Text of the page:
Students found out March 11 whether they matched with one of their preferred residencies, following interviews that began in late 2018. From mid-January to late February, applicants and program directors rank each other in order of preference and submit preference lists to NRMP, which processes them using a computerized mathematical algorithm to match applicants with programs.

family
  The Class of 2019's Michael Dix, right, celebrated Match Day with his wife Aly and 6-month-old daughter.

“From all the kids who applied, they wanted you. They wanted to invest in you as a person,” Entyre added.

The physicians-in-training will receive their medical degrees in a commencement and hooding ceremony in June, and begin residencies in July.

Thirty-four percent of the students matched with one of their first three program choices, including Michael Dix, who brought his wife, Aly, and their 6-month old daughter to the Match Day festivities. His first pick was a General Surgery residency with Henry Ford Health System.

“We don’t have to move. It’s great,” he said.

The couple started dating 11 years ago, in high school, and married a week before he started medical school.

“She has been an incredible support,” he said, of Aly. “I couldn’t have done it without her.”

Siblings
Anjali Alangaden, a first-year M.D. student, celebrated her brother Keith Alangaden's match.

Like Dix, a hefty 50.3 percent of WSU’s Class of 2019 are staying in Michigan. The increase is great news for a state with a projected physician shortage, as studies show that residents who train in Michigan often remain here for the majority of their careers.

Another 30.1 percent will enter primary care residencies, which includes Internal Medicine, Family Medicine, Pediatrics and other specialties.

Overall, 20 Michigan-based health systems and centers will welcome Wayne State University graduates to residencies this summer, including 36 to the Detroit Medical Center, 19 to the Henry Ford Health System, 18 to the Beaumont Health System, 16 to the University of Michigan and 14 to Ascension St. John Providence.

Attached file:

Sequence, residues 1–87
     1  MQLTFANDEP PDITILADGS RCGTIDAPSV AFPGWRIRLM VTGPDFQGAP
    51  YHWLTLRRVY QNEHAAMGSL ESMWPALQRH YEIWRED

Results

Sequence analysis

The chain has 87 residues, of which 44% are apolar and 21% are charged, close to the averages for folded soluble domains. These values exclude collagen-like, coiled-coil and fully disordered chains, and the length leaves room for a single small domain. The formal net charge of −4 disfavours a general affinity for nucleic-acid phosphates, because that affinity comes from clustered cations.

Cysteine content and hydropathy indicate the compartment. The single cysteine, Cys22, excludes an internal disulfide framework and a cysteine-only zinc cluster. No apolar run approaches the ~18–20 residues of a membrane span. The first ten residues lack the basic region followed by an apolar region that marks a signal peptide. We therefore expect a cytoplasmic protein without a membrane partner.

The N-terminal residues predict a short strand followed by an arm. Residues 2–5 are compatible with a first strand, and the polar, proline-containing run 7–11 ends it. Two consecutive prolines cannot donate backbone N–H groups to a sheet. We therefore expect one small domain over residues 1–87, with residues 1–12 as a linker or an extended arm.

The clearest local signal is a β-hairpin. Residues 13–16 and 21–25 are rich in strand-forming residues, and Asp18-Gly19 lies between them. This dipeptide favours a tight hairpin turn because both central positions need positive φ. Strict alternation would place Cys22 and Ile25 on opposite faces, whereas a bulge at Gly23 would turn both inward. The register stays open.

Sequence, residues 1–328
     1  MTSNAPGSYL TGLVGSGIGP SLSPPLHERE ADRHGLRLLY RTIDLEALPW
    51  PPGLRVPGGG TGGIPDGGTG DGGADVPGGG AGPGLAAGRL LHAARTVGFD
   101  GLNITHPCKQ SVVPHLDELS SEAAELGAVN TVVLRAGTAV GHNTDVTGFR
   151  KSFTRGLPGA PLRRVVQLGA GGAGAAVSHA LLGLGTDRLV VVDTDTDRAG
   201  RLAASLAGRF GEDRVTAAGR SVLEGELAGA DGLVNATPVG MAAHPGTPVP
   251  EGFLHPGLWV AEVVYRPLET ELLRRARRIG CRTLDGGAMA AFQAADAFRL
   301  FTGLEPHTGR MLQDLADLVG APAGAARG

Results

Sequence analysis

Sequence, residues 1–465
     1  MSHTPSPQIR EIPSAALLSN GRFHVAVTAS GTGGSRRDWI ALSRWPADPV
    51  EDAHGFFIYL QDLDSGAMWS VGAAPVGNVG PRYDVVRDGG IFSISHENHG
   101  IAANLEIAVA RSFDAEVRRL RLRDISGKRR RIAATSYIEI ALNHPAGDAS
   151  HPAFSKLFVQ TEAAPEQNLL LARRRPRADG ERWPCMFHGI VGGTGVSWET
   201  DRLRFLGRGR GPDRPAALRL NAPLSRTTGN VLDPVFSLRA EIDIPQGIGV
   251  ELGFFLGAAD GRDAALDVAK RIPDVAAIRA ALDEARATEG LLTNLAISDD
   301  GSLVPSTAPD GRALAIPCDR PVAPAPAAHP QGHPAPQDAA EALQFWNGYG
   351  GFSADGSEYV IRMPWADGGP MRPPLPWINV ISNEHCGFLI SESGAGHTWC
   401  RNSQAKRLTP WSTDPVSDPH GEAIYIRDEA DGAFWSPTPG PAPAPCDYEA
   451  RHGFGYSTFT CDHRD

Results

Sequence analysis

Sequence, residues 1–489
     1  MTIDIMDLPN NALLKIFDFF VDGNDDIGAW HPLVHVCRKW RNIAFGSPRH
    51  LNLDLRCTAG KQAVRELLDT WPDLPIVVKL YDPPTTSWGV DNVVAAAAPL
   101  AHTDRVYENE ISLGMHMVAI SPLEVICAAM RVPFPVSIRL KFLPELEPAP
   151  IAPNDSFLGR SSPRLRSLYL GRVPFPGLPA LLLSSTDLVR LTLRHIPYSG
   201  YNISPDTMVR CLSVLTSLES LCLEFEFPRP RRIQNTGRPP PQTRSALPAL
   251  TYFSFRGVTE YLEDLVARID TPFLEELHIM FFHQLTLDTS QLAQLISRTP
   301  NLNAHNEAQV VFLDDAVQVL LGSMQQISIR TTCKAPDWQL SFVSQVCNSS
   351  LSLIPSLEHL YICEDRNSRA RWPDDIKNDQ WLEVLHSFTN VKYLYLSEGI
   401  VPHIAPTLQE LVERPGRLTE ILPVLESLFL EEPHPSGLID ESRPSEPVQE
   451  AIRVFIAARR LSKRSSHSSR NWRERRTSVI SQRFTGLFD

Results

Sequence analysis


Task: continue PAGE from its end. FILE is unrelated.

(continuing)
Internal Medicine residencies were the most popular clinical discipline at WSU this year, with 41 students entering the specialty. Another 27 students will enter Emergency Medicine programs and 25 will enter Family Medicine. Diagnostic Radiology, Psychiatry and General Surgery were also popular choices.

Students moving out of state will practice medicine in 29 states and one Canadian province, including 17 each in Illinois and California, 12 in Ohio and 11 in New York, at more than 125 hospitals, universities and medical centers. They include Wayne State University, Yale-New Haven Hospital, Mount Sinai Medical Center, Vanderbilt University Medical Center, Brigham & Womens Hospital, Duke University Medical Center and Mayo Clinic School of Graduate Medical Education.

 

Before the matches were revealed, several awards honoring students and faculty were announced. The awards list included:

The Herman and Eva Blum Endowed Award: Nousha Hefzi

Herbert Mendelson Enthusiasm for Medicine Endowed Scholarship: Theresa Kaminski

Leonard Tow Humanism in Medicine Award (Faculty): Erin Miller, M.D.

Leonard Tow Humanism in Medicine Award (Student): Abraham Husseini

Medical Alumni Senior Scholarship Award: Arjune Dhanekula

Class Marshal: Barbara Bosch, M.D.

Distinguished Service Awards: Keith Alangaden, Nousha Hefzi and Adrianna Clapp

Voluntary Faculty Awards: Scott Yaekle, M.D., and Richard Bryce, M.D.

Penfil-Tischler Award: Adrianna Clapp